Stress-test for ovenware:
   A modest do-it-yourself first step for the low-tech studio potter

by Dick Lehman

Right before Christmas 1997 several baking dishes were returned to my studio due to unexplainable/unexpected cracking (after 2-3 years of use). Customers assured me that all appropriate care had been afforded these pieces. I had no reason to believe that these regular customers had not followed all the normal safeguards and my recommends for use of ovenware pieces: 1) never going from freezer to oven, 2) never placing in a preheated oven and 3) being sure to fill the pieces so that food is in contact with all interior surfaces of the pot).

Additionally some mugs were returned to me which had multiple cracks going from the rim, down the pot about one or two inches. These cracks reportedly appeared through absolutely normal (or “less than normal”) use: no microwave use, the liquid poured into these cups had been “steeped in a teapot before being poured into the mugs”...the mugs, in some cases, had been preheated with warm tap water.

I had a problem. What to do? The failures were so few, considering the number of pots I sell each year, that I could have just replaced the pieces and chalked it up to the cost of doing business. And it could have been just a coincidence that these pieces had all come back to me within a few weeks time[1]  — perhaps I should just ignore all this. On the other hand, it may have been that I was on the front end of an avalanche of all the ovenware pieces I had made within the last three years. That was an awful prospect!

Regardless of not knowing whether there would be more failures in my ovenware, I thought it important to try to improve the clay body if possible. And I hoped to do so without changing the clay body to such an extent that it would alter the colors of all my glazes. 

So I set out to attempt to create several new ovenware bodies. My knowledge and abilities in ceramic engineering are limited, and I am embarrassed to say that my attempts at altering/improving my ovenware recipe were more intuitive than academic...and my reliance on anecdotal information and “common knowledge” more pervasive than my acquaintance with good science or accepted research. However, I did create/gather six new ovenware clay bodies to test.

My deficiencies as a ceramic engineer notwithstanding, I needed to develop a means of testing those resulting clay bodies to see if any of the new formulations were actually an improvement over what I was already using. (Assisting the small studio potter to develop a dependable wide-spectrum-use high-fire ovenware is another article/discipline all together, and should be reserved for someone who knows more than I do about clay properties, thermodynamics, and ceramic engineering...and I wish someone would write that article.) 

Regardless of how we finally come to our ovenware recipes — or what those recipes are — we need a methodology by which to make thermal shock tests which are thorough, inclusive, severe, and comparative. And these testing procedures need to be accessible, repeatable, and to some extent, reliable. This testing procedure is what I set out to create.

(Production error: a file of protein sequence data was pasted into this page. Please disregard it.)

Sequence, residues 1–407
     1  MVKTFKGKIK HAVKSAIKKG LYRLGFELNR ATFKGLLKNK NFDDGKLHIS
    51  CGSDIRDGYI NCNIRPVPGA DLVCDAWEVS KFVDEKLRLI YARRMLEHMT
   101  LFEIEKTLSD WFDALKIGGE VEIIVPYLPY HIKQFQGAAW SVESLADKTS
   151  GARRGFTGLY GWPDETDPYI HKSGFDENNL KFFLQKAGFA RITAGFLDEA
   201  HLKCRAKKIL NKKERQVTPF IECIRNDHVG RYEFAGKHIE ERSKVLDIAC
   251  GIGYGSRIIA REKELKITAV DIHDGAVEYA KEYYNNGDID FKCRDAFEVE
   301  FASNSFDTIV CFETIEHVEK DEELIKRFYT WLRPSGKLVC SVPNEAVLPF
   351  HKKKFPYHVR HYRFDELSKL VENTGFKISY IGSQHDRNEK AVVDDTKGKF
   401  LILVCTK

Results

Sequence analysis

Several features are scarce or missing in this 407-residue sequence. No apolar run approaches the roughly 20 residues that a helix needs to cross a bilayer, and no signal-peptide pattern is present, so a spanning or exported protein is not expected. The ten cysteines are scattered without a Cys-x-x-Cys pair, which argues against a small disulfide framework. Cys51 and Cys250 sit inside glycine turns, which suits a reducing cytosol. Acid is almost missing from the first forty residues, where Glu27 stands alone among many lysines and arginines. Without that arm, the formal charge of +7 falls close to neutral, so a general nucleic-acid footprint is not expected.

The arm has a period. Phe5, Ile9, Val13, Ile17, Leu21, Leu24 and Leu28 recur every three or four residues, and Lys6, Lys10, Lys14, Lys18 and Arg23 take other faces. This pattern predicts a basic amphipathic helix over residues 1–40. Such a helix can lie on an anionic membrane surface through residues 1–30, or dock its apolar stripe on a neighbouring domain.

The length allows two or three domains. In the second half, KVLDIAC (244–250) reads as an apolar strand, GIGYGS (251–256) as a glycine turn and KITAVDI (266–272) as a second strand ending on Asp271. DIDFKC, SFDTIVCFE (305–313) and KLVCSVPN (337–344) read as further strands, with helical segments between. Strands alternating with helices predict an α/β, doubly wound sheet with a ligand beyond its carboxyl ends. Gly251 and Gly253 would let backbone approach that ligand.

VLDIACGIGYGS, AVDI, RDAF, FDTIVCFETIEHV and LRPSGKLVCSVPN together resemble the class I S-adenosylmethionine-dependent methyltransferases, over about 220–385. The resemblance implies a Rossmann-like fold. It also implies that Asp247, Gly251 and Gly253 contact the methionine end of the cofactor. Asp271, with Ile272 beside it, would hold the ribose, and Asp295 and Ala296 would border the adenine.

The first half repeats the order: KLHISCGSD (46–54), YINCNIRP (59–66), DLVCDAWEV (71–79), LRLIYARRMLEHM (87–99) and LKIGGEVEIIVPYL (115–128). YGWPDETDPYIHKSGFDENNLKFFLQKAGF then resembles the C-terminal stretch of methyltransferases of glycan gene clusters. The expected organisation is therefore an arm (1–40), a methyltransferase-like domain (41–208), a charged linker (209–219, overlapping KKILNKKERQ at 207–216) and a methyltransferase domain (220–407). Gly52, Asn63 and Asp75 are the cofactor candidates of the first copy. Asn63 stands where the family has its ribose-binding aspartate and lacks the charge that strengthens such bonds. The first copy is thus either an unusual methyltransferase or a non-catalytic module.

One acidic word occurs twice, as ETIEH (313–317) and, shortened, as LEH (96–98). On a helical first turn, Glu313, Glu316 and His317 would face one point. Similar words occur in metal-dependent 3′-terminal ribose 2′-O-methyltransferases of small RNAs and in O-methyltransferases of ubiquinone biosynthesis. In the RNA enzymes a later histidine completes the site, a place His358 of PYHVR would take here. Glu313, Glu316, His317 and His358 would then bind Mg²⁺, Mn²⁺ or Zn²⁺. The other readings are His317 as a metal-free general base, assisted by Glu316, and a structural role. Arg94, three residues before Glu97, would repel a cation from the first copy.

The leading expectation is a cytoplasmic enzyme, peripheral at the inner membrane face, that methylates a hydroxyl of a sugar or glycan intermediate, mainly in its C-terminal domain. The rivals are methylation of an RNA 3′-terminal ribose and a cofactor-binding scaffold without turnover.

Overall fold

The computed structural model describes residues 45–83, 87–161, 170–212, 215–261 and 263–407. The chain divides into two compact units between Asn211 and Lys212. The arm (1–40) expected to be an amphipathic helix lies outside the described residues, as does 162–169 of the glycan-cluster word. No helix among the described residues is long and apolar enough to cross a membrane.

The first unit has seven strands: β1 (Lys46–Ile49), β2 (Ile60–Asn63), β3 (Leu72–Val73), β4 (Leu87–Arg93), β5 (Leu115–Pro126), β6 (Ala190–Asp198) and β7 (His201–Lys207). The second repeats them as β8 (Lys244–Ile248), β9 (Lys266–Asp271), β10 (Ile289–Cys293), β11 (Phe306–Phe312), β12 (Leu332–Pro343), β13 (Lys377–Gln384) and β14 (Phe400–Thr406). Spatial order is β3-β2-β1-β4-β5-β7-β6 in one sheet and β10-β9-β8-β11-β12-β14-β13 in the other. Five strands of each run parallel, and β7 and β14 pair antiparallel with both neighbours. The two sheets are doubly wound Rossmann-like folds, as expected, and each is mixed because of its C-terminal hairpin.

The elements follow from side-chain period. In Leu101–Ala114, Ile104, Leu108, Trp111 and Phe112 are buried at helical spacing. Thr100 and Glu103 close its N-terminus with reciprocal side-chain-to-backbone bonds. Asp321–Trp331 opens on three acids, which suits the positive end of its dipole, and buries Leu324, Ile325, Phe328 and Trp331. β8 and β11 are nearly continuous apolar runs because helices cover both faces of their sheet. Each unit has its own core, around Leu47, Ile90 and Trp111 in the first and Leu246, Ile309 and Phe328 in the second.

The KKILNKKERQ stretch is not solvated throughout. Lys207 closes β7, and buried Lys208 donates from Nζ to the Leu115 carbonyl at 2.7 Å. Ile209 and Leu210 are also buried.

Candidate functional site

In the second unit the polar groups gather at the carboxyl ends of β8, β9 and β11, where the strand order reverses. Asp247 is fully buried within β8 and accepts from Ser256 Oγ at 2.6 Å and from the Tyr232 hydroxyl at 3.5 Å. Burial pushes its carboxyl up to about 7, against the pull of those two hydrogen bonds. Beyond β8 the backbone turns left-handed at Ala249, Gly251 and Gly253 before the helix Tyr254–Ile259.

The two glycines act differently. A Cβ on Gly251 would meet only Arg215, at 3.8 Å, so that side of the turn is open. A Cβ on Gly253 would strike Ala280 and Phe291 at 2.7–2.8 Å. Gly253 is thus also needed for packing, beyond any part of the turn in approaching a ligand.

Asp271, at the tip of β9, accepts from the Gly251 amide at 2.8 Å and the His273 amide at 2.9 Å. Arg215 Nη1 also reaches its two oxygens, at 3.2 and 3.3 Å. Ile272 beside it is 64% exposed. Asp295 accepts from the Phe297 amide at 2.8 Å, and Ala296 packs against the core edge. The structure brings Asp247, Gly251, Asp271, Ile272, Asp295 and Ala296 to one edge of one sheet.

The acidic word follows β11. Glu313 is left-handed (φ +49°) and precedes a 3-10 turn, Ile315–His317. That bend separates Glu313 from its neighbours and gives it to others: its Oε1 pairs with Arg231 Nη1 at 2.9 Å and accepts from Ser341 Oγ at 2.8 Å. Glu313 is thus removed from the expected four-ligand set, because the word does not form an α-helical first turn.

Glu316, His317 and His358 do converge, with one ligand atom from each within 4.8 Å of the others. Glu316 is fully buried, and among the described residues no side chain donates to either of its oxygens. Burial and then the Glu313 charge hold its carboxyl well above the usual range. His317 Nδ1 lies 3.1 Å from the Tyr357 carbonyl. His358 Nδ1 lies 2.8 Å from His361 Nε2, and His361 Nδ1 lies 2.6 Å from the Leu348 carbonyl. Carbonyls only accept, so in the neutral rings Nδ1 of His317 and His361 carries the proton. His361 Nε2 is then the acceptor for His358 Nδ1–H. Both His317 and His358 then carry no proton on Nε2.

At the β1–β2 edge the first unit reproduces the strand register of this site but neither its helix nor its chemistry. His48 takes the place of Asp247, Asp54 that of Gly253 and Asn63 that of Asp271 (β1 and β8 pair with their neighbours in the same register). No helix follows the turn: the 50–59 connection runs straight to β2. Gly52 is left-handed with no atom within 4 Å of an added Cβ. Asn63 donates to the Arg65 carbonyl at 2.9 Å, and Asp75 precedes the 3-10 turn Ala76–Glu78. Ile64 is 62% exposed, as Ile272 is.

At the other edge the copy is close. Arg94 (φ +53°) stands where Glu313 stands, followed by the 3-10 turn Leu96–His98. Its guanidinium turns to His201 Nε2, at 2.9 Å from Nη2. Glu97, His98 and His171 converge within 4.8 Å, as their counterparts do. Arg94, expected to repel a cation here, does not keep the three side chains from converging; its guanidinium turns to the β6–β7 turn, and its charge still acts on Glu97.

I found no published recommendations for uniform thermal shock testing or integrity testing of ovenware bodies...at least none which were geared toward low-tech production potters. What follows are the methods and approaches upon which I decided after talking with a variety of other potters, and reflecting on the kinds of pot-failures we all had encountered.

Following each step of the shock test, the pots were each individually tested for integrity. This integrity check is at best, perhaps, colloquial, but it is a test which pays attention to both the sound of the piece (the noise it makes when it is struck with a metal rod), and the look of the piece (can I see any cracks?). The sound test method was achieved by placing each pot on a metal stand, and then striking it on the rim with a metal rod. (Most all of us recognize the difference between the beautiful “ring” which a pot of integrity makes when struck, and the dull “thud/thunk” which occurs when pots have been cracked, overly stressed or damaged.) This striking was done “gently” so as not to break the piece with the rod. Each piece was struck with as similar a stroke as possible. Each piece was stuck at the same position on the pot. While  not each piece sounded the same (due, at least in part, to small unavoidable variations in shape and thickness) and while not each clay body sounded the same (due to recipe differences) I did take note of the sound...the “ring”of each, kept a description at hand, and tried (as the test progressed) to also simply remember, and/or to compare to similar-recipe pots which had not as yet been shock tested (“control” pieces).